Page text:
MPs in the Gulf state of Bahrain are calling for a range of measures to be taken against gay people in the country, including deporting foreigners suspected of being gay.

The country only held its first elections in 2002, and since then politicians have mainly addressed themselves to “moral” issues such as banning female mannequins from shop windows and tackling the widespread problem of “sorcery.”

The bi-cameral parliament is dominated by Shia and Sunni Islamist parties.

The foreign affairs, defence and national security committee has backed proposals to tighten immigration checks to stop foreign gay people entering the country.

“The Interior Ministry has told us that it already bans suspected homosexuals as they try entering the country from Bahrain International Airport,” committee secretary Jalal Fairooz told Gulf Daily News.

“They look manly as they come to the airport, but when they get in they return back to their unaccepted homosexual attitude.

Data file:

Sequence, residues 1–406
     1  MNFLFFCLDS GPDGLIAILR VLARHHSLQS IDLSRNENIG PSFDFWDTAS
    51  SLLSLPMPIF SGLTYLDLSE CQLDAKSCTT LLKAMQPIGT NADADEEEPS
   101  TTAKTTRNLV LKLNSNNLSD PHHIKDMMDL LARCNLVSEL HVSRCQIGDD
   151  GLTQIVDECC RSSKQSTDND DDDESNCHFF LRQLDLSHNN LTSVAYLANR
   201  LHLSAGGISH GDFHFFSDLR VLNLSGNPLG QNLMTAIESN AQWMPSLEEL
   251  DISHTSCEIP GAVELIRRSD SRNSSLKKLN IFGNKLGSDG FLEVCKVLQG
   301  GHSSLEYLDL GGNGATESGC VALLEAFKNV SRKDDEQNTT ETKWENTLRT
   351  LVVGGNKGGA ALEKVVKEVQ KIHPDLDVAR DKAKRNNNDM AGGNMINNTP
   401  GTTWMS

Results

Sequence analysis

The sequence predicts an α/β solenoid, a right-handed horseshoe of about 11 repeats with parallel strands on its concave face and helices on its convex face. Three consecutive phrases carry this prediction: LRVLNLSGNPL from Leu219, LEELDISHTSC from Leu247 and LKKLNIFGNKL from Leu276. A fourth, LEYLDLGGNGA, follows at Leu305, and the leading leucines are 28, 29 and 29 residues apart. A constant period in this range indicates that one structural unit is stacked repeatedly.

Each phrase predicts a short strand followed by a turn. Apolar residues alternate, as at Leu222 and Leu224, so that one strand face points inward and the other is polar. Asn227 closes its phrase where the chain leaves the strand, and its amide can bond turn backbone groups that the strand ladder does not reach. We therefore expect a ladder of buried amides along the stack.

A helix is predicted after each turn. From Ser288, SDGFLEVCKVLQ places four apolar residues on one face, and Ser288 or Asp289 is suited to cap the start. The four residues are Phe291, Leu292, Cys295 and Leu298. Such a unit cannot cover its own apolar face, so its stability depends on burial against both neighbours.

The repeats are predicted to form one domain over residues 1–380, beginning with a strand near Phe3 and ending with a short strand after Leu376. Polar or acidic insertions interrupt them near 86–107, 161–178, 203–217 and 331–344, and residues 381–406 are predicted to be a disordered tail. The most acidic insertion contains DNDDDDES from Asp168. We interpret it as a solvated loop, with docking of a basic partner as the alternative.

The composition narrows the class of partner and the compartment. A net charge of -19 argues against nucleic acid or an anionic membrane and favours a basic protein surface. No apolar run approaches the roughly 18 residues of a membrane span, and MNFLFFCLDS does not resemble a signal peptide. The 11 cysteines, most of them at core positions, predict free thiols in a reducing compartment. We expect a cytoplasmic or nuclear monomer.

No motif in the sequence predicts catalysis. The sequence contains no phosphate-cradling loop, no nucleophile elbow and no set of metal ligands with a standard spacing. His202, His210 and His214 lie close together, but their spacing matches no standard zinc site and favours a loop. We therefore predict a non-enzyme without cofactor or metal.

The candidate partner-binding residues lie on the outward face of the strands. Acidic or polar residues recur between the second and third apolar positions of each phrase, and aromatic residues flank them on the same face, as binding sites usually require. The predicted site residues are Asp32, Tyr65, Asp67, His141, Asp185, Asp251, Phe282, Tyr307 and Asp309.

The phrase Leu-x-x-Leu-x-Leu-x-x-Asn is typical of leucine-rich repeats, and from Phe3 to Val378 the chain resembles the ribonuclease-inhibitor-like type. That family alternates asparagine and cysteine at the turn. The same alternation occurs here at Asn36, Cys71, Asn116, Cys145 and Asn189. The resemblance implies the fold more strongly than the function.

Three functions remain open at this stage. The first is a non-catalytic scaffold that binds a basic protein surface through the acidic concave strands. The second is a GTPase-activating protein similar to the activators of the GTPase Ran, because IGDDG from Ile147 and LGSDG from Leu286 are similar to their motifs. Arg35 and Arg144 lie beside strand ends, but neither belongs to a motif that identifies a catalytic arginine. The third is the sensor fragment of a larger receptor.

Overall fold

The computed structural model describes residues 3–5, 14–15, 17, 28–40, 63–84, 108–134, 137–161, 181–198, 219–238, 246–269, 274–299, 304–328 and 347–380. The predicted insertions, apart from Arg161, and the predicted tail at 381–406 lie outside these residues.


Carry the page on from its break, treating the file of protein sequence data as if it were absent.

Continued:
“Homosexuals are found in huge numbers at hairdressing salons and beauty and massage spas, which the ministry regularly inspects.

“Those who look homosexual or offer customers personal services are being caught by police and taken to the Public Prosecution.”

Mr Fairooz said that homosexuals were a “threat to our society and Islamic values.”

The committee is also proposing that a study be carried out to ascertain how widespread homosexuality is in the country.

Gulf Daily News reports that “the Education Ministry claims there are no homosexuals in schools” in Bahrain.

The proposals will now be considered by the Bahrain parliament’s general-secretariat.

In 2006 a Kuwaiti tourist was convicted and fined for having gay sex with a Bahrain Defence Force (BDF) recruit.

The Lower Criminal Court in Manama handed the unnamed 23 year old man a 100 Bahraini Dollar fine after he was found naked in a car with a 22 year old Bahraini on the seafront.